5. Calm Cool Vitality Plan

March 30, 2018
Nutrition

Now we will examine the concept of Yin Deficiency, a common condition that can be helped with the right lifestyle and dietary changes. Many people are familiar with the idea of Yin and Yang as complementary forces in the world… mutually supporting and balancing each other… but would not be familiar with this idea as applied to the body.

I suppose one of the special features of Chinese medicine is the idea that the human body is part of nature, an as such is affected by the same conditions found in nature. Yin is associated with coolness, darkness and lack of movement and Yang with heat, light and movement in nature. Thus in the body Yin and Yang are associated with and responsible for similar processes: Yin with coolness, night and rest and Yang with warmth, daytime and activity. A lack of Yin therefore in the body will produce a lack of coolness an inability to rest properly, and these conditions are found to be worse in the evening or night. This will correspond to such common complaints as insomnia (waking in the middle of the night especially), restlessness, anxiety and feeling hot in the afternoon or night.

Yin deficiency is caused by a number of things, but a common cause is, put simply, a lack of rest, which over a number of years catches up with a person. So diet can help with this situation: with the addition of cooling foods, cooler cooking methods and avoiding of overly heating foods. Firstly avoiding or reducing very heating foods will help, like chilli, coffee and some kinds of alcohol (in particular red wine and spirits).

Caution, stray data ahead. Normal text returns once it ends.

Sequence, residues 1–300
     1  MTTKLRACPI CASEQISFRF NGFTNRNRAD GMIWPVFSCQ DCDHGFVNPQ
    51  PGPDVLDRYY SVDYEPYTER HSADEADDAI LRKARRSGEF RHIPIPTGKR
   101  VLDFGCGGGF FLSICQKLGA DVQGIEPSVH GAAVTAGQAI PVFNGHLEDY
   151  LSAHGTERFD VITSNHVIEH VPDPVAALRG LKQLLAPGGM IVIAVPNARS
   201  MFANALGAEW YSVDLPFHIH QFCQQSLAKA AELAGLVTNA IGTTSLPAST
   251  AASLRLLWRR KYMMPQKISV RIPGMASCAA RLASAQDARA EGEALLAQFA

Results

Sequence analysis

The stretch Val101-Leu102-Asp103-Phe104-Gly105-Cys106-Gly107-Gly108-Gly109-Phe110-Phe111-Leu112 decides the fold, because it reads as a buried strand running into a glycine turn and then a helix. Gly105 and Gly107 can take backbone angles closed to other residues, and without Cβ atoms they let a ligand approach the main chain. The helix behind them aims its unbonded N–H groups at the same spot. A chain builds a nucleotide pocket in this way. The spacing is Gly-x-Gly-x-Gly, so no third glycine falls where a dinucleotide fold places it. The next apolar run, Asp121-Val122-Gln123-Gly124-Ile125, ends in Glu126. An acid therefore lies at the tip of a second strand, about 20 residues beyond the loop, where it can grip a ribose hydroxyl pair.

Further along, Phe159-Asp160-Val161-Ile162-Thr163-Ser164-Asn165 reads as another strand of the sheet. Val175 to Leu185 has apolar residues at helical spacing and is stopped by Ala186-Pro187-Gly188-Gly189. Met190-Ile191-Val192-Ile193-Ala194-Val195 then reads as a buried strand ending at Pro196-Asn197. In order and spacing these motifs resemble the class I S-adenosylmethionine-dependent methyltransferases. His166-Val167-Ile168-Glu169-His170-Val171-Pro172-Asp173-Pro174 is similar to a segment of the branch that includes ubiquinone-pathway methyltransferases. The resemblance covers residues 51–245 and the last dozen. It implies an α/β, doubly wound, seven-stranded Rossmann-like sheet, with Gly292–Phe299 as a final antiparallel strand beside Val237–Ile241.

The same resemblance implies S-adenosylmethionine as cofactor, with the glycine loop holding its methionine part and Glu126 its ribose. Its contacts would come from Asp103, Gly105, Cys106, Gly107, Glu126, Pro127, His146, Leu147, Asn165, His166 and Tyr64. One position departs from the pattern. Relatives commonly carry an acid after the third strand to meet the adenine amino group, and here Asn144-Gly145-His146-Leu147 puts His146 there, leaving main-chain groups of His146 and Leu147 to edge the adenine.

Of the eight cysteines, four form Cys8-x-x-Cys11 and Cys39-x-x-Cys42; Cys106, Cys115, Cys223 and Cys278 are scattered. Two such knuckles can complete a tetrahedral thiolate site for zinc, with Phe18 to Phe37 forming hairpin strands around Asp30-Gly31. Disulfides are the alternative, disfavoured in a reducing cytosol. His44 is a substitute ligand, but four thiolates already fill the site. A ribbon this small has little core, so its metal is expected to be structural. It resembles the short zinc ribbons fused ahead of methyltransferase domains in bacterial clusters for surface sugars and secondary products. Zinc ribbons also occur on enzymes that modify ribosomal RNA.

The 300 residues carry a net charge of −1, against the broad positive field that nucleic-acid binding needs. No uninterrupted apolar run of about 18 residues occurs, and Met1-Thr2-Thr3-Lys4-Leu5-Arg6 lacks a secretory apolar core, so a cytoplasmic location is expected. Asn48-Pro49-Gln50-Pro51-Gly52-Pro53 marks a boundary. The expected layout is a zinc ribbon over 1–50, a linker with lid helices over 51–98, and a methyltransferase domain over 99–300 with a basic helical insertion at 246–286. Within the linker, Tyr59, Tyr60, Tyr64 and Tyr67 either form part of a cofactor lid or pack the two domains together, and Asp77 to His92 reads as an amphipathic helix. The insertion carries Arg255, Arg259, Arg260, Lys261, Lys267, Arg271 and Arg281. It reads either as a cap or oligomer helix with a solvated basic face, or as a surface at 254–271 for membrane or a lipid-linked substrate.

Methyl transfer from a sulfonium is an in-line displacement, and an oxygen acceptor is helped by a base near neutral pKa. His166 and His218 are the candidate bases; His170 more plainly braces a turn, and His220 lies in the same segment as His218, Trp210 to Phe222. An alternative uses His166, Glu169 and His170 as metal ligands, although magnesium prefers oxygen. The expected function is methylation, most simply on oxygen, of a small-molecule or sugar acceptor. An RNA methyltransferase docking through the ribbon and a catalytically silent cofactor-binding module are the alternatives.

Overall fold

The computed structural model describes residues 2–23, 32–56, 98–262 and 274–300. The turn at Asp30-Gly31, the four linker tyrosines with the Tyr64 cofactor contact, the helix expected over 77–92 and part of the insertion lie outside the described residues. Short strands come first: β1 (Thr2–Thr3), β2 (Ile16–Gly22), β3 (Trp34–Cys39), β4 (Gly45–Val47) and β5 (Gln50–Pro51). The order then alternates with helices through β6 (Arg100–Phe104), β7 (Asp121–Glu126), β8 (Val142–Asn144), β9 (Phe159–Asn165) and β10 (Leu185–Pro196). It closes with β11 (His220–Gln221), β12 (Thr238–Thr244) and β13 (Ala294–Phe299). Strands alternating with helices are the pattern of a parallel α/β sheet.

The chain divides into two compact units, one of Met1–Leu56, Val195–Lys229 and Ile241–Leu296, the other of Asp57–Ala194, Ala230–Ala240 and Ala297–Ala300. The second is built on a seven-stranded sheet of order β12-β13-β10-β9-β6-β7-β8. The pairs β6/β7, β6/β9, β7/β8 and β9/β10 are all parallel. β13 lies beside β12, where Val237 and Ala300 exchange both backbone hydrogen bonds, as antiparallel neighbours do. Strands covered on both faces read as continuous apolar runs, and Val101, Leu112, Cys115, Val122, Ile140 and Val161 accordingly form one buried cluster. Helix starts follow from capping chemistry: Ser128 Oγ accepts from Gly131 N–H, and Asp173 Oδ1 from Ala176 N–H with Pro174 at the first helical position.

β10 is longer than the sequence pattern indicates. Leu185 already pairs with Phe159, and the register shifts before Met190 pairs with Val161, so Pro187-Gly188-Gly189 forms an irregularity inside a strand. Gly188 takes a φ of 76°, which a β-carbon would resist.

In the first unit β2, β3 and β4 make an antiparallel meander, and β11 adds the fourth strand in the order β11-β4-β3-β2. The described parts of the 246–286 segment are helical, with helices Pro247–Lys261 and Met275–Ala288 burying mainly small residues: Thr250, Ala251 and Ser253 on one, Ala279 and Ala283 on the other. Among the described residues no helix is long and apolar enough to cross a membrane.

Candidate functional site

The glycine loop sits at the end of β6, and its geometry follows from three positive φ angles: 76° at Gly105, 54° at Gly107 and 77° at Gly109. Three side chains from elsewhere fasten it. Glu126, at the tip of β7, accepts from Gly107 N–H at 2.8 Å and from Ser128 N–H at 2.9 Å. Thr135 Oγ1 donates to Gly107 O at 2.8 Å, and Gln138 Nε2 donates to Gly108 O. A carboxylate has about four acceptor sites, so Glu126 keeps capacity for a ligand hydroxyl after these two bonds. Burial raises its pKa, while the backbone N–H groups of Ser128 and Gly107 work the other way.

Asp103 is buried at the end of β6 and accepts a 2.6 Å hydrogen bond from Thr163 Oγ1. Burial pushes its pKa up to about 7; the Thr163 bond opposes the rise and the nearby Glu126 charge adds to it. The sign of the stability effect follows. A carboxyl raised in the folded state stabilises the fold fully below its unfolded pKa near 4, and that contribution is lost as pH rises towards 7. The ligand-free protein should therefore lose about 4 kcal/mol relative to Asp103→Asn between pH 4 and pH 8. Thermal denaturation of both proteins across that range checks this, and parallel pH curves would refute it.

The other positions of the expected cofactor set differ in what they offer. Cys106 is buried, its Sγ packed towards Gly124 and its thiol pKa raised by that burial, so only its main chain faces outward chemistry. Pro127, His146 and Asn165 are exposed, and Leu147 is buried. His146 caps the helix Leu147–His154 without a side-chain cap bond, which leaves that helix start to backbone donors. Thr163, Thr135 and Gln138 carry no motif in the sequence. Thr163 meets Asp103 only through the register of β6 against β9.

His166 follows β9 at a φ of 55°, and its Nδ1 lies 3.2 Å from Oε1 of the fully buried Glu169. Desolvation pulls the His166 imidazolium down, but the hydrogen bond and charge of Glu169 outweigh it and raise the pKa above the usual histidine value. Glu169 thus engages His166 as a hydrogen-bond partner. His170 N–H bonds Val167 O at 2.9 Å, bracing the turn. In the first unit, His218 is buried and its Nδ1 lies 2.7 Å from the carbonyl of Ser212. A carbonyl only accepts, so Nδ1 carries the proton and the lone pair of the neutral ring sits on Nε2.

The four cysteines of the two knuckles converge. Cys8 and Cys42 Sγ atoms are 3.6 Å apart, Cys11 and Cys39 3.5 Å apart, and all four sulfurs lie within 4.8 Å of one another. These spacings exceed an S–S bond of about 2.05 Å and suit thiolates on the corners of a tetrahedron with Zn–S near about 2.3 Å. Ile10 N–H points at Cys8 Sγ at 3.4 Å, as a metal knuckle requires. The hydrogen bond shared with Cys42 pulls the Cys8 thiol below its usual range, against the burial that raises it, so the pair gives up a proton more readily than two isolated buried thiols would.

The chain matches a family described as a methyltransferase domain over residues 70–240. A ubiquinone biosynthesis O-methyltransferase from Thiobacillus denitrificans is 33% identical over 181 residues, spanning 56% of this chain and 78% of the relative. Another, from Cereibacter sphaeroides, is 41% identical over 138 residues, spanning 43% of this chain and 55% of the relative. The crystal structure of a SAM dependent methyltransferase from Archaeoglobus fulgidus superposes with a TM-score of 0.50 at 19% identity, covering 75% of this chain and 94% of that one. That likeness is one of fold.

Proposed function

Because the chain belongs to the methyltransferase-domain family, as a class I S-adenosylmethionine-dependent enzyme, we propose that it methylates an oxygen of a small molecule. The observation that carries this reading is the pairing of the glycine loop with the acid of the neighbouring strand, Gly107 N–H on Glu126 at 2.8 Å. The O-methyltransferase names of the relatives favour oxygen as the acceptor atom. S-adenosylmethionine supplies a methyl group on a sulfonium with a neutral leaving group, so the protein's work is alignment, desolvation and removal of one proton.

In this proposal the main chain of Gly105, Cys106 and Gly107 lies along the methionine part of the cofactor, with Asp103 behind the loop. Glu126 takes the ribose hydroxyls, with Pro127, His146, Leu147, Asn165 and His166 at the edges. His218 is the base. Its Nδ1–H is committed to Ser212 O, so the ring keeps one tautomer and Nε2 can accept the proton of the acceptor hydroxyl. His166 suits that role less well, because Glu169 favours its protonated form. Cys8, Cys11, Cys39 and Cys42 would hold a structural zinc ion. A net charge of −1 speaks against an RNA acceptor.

Secondly choosing cooking methods that do not further add heat energetically into the body will be good. Thus reducing frying or roasting as a method and increasing steaming or sautéing will be very useful changes. Foods to particularly add to “nourish Yin”, are traditionally thought to include the following: Meat: Pork Seafood: Oyster Grain: (fast growing are “cooler”) Rice, Corn (Maize), Wheat, Spelt. Fruit: Most fruits, especially those grown in hotter conditions. Apple, banana, blackberry, lemon, mango, orange, strawberry. Soy products: Soy milk, tofu Dairy products: Yogurt, Cheese, Milk Nuts and seeds: Black sesame, walnuts Vegetables (remember, sauté or steam generally): Bamboo Shoots, Cucumber, Tomatoes, Seaweed, Spinach, Yam Drinks: Green tea, fruit juice, larger and beer These dietary changes will be greatly complemented with other lifestyle changes, many of which have a theme of “taking it easy”, resting and avoiding (if possible) stressful situations. Spending time in nature I particular may improve Yin, and bodywork therapy as well as acupuncture treatment may be of benefit to increase this vital substance which I often think of as our “capacity to rest”.

Jamie Hamilton

Always interested in learning and sharing the wonderful world of Chinese Medicine, Acupuncture and Shiatsu

Related Posts